Another cycle begins, with the promise that maybe this time is it. This will be the time that we get it right, that the universe takes it easy on us. I’m not talking about the cycle that begins with a follicle and ends with double pink lines. It happens to coincide with that one, but this cycle is a little different. It’s the cycle of being good.
It starts off well: eating my veggies and sticking to (or, more likely, starting) a moderate exercise routine–walking and yoga, something I can continue when there’s an embryo growing in my belly without doing any harm to my maybe-baby. I take my vitamins and supplements every night before bed. I think only positive and uplifting thoughts. Hopeful thoughts. This is going to work!
By mid-cycle, doubt starts to creep in. The reality that we have a shitty sperm count and no idea how much longer my early-ovulating eggs will last. That no amount of timed intercourse or cervical mucus is going to end with a positive pregnancy test. That I can eat as much sugar and caffeine as I want because it’s not going to affect an embryo that has no chance of existing in the first place.
The worst two weeks of the year. Every 23 days.
I talk myself into believing in miracles. I waver between nonsensical hope and crushing defeat. One day I eat nothing but organic kale and almonds. The next, it’s gummy worms and Dr. Pepper. I lie on the couch, already resigned to my fate as a fat, childless shut-in. Then I become obsessed with lifting weights.
Eventually, the cycle ends, in my case, with spotting a couple of days before the big event. Or I take a pregnancy test because I’ve let the crazy take over, which leads to immediate disappointment.
Kristin at Return to Go declared it a holiday of sorts. Feed your sadness with carbs. Drown your sorrows in cheese. And beer.
And start the cycle all over again.
All this being good has led me to ask: Are we ever really good enough? Can we possibly do everything right? Follow every doctor’s order, every old wives’ tale, every superstition and pseudoscience that supposedly leads to a healthy baby? Can we ever truly be worthy of what we all so hopelessly desire?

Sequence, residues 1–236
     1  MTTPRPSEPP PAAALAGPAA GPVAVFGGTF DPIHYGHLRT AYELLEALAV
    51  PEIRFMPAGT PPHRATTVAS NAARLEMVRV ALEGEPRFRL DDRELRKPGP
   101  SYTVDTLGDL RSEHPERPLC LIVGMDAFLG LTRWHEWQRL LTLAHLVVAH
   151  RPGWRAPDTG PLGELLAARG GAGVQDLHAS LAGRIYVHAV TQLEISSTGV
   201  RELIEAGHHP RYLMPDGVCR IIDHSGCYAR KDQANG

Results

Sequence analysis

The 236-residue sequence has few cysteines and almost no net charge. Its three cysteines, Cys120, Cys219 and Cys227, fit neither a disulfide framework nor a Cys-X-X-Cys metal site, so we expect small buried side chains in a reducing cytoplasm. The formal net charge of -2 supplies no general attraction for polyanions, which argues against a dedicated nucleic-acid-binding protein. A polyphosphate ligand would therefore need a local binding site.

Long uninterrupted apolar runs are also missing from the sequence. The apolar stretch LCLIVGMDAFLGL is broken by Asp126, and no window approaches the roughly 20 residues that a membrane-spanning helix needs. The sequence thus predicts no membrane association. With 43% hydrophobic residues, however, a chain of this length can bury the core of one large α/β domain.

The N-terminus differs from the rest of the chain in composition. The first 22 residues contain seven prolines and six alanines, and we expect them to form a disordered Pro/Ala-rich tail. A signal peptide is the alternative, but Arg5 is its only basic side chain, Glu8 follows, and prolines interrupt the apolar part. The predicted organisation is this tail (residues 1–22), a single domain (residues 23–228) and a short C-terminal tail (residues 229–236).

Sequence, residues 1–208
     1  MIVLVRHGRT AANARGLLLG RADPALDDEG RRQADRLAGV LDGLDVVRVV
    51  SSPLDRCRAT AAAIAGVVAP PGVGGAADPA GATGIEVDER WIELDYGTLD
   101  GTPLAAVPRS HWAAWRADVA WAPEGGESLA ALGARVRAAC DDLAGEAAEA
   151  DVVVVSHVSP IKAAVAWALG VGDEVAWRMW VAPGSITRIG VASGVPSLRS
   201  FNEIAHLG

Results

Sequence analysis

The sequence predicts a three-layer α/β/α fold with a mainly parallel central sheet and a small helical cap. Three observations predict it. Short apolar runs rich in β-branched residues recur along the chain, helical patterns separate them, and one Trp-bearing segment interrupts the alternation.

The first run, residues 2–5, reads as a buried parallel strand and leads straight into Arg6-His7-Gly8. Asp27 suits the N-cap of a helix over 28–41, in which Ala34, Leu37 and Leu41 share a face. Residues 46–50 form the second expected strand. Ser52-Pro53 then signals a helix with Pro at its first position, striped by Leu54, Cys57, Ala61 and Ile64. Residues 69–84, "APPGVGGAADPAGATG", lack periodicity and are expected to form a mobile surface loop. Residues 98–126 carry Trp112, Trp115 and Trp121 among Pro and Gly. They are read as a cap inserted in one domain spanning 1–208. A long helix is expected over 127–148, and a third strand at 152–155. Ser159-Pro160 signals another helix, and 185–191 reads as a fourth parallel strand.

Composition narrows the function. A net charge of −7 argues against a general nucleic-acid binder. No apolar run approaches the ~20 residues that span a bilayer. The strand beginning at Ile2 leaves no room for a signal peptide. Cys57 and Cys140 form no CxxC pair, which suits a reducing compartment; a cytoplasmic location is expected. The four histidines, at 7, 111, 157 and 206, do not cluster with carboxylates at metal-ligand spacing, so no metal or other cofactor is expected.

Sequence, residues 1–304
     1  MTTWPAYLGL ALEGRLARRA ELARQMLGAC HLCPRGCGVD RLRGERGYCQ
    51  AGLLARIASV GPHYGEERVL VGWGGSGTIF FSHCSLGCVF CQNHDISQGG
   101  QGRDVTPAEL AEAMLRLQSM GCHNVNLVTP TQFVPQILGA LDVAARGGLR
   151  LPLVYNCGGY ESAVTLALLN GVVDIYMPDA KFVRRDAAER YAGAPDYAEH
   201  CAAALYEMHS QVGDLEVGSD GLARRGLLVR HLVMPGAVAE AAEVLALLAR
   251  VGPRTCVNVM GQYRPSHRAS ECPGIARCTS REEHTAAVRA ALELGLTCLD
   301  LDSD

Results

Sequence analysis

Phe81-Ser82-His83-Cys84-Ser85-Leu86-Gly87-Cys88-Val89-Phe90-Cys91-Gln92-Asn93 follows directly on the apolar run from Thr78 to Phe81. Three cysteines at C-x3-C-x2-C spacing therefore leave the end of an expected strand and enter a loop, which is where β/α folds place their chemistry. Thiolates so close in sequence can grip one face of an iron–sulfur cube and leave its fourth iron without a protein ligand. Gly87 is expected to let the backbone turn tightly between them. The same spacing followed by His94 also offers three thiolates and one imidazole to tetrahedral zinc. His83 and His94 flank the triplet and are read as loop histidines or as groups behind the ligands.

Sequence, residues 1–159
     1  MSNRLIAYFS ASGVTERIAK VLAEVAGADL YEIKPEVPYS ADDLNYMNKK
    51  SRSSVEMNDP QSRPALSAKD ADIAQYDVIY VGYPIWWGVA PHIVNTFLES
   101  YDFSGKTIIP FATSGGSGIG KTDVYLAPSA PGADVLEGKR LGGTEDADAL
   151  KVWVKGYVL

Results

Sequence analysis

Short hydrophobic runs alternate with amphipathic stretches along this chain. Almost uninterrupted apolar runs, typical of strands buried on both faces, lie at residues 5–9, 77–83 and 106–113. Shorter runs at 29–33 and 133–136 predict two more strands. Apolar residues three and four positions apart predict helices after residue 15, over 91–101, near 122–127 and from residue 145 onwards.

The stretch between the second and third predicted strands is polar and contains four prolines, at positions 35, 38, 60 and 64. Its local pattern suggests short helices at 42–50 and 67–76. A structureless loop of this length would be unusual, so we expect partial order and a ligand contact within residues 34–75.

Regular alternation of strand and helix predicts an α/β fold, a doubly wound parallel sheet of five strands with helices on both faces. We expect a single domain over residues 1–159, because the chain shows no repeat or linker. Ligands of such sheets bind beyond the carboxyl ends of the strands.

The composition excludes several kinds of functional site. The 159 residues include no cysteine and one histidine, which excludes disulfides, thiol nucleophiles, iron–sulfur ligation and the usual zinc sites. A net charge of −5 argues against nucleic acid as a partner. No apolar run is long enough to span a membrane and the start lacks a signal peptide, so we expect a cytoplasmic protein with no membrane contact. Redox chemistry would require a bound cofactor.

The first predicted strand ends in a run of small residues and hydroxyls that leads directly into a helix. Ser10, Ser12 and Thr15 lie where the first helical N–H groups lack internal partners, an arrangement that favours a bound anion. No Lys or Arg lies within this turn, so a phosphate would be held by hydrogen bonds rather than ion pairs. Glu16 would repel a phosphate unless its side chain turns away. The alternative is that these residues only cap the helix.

I know–in the sane, logical part of my brain–that it doesn’t work that way. That no amount of being good is going to get me the result I want: to hold a healthy baby in my arms. My healthy baby. It doesn’t matter which vitamins I take or how many vegetables I eat or how much I walk. None of it matters.
Crack whores, abusers, homeless women, the violent, cruel, and depressed get pregnant all the time, without even trying. Your ovaries aren’t keeping score of your good deeds or your bad. Your uterus doesn’t care if you stab your boyfriend with a pair of scissors. Nature’s a bitch.
And still, I convince myself with a kind of magical thinking that by doing everything right, I can control my destiny. I can whisper in the ear of the universe, and she will obey. And if I can’t do that, there must be something wrong with me. Because it happens to other people all the time.
Other people get pregnant with impossibly low sperm counts. Other women conceive with one tube and a scarred uterus. Other couples find out they’re expecting their own biological child weeks after signing the adoption papers. It happens, right?
The truth is, we’re in this predicament not because of karma or because we didn’t eat our veggies or say our prayers. It’s not because we trail a list of criminal acts, in this life or a previous one. The truth is, it all comes down to blind, dumb, bad fucking luck. And no amount of goodness can change that.
What can change it, though, is that evil little grain of hope, a team of doctors, a support system, and yes, a bit of good luck on our side. I have to believe that’s enough to change our fate and break this vicious cycle.